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IRS Impersonation Phone Scams

January 5, 2017

 

Today I want to talk a bit about IRS phone scams.  The last couple years, there has been a huge increase in the number of IRS impersonators calling people in the United States claiming that the person called owes tax and they must take immediate action or they will be arrested.  Many people have been bilked of millions of dollars due to their unfounded fear of the IRS.  

 

In any event, here's how the scam works.  You get a call from someone using an English sounding name claiming to work for the Internal Revenue Service.  You are informed you owe significant money, or perhaps you have serious legal allegations against you.  If you don't comply with their instructions, local police will be to your door shortly to take you into custody.  Sound ridiculously outlandish?  Of COURSE it is.  Whats even more outlandish is that in the year 2017 IT STILL WORKS.  Honestly?  IMHO if you fall for such a scam by paying into iTunes gift cards?  You deserve to lose your money.

 

 

 

I have been on the receiving end of one of these calls myself, and lets just say my response to the caller was...amusing.  Perhaps its my Boston accent, perhaps an incessant need to mess with lowlife scum, but I actually called them back and messed with them.  Twice.  Played the audio from an adult video while my phone was on speaker.  Works great.  I recommend you do this.  Not.  Trust me.  Just hang up the phone.  Don't talk to them as anything of value you say might be recorded as information to be used on a scam phone call in the future.  Just hang up the phone.

 

So how can you tell the person on the phone is fake?  Well first off, if you've been working with me you already know if you owe money or not.  It is VERY rare that someone who has been filing tax returns owes money and doesn't know it.  

 

Secondly, while there is a federal crime for willful failure to pay tax, the government's burden in proving the willful aspect in a criminal sense is very high.  Unless you have liquid assets and hide them and simply refuse to pay your tax obligation, there won't be a criminal case.  

 

Thirdly, the IRS doesn't and cannot institute a criminal prosecution on its own.  It can investigate someone, but it won't arrest someone without approval from the Department of Justice and the local US Attorney.  The likelihood of a US Attorney signing off on a arrest for this is about the same as Hillary Clinton getting inaugurated in two weeks.

 

Not satisfied?  Scammers use incorrect terminology.  Local police do not get involved in arresting people for this.  Sheriffs are not coming to get you.  Why?  Because only IRS Special Agents can arrest someone for this.  They will claim to be calling from IRS Headquarters in Washington, D.C.  Trust me, if it were legitimate, they would be outside your door, and coming from a local office.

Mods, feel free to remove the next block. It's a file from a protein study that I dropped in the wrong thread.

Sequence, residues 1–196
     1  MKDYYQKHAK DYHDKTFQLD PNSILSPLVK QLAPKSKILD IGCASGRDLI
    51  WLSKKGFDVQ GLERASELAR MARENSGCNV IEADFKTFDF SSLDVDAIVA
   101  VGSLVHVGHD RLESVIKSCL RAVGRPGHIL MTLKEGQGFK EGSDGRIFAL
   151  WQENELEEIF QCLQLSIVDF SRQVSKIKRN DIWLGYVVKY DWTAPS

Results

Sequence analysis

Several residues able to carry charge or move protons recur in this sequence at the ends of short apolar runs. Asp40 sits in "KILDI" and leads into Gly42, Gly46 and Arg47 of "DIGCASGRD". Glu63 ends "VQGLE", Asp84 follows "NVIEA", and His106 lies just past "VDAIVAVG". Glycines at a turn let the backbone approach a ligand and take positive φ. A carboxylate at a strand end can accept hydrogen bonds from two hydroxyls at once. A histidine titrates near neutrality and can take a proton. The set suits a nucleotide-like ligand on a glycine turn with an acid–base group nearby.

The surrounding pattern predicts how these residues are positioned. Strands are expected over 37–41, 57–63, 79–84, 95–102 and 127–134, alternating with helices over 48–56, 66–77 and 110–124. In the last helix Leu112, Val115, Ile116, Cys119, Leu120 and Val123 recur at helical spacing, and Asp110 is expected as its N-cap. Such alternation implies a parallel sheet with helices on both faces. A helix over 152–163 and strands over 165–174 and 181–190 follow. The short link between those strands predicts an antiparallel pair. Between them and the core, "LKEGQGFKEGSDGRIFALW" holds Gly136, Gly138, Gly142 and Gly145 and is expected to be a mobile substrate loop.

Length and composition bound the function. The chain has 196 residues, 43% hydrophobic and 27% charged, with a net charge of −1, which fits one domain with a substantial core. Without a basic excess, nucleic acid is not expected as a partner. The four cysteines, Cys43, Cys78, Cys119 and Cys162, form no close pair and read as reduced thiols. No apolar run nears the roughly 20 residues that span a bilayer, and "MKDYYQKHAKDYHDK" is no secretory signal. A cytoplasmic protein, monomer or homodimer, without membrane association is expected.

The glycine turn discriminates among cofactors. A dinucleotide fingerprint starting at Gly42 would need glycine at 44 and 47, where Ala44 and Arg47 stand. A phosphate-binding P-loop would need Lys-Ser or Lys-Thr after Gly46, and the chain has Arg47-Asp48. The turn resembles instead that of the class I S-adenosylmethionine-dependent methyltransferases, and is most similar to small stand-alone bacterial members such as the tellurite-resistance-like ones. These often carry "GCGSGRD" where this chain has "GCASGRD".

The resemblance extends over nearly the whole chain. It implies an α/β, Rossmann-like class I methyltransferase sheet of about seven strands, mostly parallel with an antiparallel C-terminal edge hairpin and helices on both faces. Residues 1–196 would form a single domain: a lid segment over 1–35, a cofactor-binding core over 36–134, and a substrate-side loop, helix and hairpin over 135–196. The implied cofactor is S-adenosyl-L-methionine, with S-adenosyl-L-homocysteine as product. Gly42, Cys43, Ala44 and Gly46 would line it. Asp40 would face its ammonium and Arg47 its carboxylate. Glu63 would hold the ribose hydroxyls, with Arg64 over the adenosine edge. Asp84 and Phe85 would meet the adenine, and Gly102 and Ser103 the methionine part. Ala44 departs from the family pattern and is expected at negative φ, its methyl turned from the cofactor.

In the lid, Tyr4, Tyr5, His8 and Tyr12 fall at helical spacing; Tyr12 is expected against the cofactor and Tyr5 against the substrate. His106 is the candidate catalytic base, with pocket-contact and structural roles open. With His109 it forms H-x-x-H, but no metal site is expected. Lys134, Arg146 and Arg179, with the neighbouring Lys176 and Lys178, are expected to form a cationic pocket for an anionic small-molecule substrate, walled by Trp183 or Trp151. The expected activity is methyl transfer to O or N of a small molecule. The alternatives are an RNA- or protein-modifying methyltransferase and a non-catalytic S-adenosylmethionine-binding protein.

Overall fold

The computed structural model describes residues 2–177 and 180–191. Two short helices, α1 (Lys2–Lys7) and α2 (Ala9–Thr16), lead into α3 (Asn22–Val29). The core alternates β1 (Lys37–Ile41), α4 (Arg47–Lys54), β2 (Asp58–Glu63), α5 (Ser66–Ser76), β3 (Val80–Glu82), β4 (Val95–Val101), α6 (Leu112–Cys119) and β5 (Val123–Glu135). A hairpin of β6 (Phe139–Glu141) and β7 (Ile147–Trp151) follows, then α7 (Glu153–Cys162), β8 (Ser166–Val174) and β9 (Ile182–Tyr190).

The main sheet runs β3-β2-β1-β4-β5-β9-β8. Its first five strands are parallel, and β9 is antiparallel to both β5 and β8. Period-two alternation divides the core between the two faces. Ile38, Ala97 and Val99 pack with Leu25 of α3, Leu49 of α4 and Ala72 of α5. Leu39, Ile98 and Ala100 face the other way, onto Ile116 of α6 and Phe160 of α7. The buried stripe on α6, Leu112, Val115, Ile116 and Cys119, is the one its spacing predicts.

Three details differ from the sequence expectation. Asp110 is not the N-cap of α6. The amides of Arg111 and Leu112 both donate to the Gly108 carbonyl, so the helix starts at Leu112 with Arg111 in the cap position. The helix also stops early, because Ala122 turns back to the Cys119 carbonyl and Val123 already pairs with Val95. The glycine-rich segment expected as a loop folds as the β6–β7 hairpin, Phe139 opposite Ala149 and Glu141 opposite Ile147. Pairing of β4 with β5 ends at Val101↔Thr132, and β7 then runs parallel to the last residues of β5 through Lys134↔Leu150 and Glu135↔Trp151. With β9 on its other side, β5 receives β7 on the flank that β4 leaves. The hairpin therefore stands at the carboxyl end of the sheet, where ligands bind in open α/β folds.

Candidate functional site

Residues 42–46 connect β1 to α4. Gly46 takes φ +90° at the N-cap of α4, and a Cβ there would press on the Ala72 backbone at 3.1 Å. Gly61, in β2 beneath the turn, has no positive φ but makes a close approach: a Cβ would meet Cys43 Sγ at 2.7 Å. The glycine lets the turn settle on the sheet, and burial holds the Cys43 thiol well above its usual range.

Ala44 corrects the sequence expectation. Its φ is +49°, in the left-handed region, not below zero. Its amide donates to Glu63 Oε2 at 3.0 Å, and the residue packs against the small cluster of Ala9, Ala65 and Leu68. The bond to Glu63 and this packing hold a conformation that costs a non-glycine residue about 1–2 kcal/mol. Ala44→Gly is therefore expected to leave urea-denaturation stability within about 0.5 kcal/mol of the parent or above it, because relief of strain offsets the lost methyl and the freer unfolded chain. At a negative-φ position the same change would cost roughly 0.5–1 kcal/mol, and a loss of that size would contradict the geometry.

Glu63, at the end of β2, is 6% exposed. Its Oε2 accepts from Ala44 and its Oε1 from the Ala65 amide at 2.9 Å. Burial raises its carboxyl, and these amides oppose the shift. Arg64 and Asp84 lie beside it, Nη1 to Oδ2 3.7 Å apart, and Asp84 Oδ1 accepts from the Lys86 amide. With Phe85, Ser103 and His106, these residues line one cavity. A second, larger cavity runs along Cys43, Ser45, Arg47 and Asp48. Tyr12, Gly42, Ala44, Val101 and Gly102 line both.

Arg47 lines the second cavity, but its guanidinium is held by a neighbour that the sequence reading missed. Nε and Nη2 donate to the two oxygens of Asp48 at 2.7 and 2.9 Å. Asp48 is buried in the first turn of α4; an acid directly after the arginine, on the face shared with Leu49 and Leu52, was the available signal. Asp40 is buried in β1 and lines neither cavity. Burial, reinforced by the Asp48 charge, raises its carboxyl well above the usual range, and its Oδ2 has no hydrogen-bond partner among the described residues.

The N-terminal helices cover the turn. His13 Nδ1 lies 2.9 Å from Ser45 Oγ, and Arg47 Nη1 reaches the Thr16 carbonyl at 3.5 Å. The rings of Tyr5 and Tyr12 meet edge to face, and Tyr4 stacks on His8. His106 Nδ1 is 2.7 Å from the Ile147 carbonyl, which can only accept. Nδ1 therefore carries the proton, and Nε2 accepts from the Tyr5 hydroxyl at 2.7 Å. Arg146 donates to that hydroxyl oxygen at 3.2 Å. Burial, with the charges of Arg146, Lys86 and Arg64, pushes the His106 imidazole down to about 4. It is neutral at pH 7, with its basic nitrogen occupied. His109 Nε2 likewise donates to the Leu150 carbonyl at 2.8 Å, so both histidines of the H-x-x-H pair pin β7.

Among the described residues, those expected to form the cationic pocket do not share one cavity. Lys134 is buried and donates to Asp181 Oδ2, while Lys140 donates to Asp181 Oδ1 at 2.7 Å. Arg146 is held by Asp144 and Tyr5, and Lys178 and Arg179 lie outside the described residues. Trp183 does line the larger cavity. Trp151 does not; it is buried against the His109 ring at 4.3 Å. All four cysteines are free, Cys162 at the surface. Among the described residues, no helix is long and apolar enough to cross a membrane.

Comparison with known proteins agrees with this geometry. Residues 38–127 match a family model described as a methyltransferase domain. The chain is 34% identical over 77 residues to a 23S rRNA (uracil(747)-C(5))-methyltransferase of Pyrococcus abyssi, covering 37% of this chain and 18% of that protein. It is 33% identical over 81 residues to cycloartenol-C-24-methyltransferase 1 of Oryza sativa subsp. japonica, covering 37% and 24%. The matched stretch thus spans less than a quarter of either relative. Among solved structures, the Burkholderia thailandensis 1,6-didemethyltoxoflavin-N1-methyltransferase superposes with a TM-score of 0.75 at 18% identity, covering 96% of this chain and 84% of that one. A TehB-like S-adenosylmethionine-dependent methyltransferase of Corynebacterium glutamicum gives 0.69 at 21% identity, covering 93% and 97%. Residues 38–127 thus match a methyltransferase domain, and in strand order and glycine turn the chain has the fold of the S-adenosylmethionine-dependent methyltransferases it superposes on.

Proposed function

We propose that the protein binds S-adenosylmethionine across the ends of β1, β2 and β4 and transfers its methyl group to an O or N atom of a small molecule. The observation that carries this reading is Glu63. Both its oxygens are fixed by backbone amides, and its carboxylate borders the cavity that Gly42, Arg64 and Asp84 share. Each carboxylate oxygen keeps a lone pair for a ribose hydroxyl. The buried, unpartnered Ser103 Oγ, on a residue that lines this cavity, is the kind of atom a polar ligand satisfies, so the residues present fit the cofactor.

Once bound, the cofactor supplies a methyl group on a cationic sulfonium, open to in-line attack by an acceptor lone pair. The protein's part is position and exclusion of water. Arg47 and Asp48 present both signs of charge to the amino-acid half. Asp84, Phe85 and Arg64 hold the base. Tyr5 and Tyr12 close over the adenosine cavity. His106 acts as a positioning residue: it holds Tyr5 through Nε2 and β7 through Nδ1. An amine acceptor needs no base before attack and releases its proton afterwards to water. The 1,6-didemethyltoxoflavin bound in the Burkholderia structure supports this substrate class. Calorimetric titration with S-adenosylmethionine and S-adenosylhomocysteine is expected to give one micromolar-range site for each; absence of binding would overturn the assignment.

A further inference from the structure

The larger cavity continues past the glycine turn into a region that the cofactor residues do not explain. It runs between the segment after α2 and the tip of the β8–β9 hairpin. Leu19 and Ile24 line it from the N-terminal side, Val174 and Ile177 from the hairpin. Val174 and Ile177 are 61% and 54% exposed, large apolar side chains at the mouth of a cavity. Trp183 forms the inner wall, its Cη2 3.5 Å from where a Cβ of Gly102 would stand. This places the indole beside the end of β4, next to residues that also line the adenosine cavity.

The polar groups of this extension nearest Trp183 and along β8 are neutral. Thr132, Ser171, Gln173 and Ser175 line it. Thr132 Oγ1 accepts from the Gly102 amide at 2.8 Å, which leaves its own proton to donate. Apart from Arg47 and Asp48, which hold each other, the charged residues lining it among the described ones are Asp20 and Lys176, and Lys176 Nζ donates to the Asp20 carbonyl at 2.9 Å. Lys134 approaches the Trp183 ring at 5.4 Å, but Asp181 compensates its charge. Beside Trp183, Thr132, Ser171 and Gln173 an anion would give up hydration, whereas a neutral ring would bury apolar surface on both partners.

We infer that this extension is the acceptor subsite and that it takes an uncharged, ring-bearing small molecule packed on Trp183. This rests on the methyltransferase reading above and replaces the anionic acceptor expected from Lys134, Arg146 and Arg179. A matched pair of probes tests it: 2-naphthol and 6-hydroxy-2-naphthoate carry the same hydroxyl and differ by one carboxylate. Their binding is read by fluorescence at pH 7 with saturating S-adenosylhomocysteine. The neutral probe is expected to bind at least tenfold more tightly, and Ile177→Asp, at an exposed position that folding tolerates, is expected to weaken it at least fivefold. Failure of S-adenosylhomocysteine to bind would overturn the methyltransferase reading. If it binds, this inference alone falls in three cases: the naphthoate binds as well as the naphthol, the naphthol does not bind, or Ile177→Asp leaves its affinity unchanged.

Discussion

Something else, IRS Revenue Officers do not initiate taxpayer debt collection contact over the phone.  They CAN but they do not.   You will receive several statutory mailings informing you of and formally demanding payment but they will not call you.  You MAY receive a knock on your door, or at your place of business during normal business hours, however phone calls before 8am or after 9pm are prohibited, as is appearing at your place of business if it is known that your employer doesn't allow it.  If they do call, it is only once contact has been established with a Revenue Officer.  They cannot call to harass you, they cannot threaten you with harm.  The IRS can actually be sued for damages for violating the tax code's version of the Fair Debt Collection Practices.  

 

One last item you should be very aware of.  An IRS employee MAY NOT contact a taxpayer directly if that person has a listed legal representative on file, such as an Enrolled Agent, CPA, or attorney.  The only exception to this rule is if the employee is not getting timely or any response from the taxpayer's representative.  Does it still happen?  Yes.  Is it often?  More often than it should but not so often as to be epidemic, and at least in theory you could sue for damages under the same provision listed above.  In any event, a scammer is not going to know you have a representative if in fact you have one.  

 

If you do get one of these phone calls I strongly suggest you report it here.  

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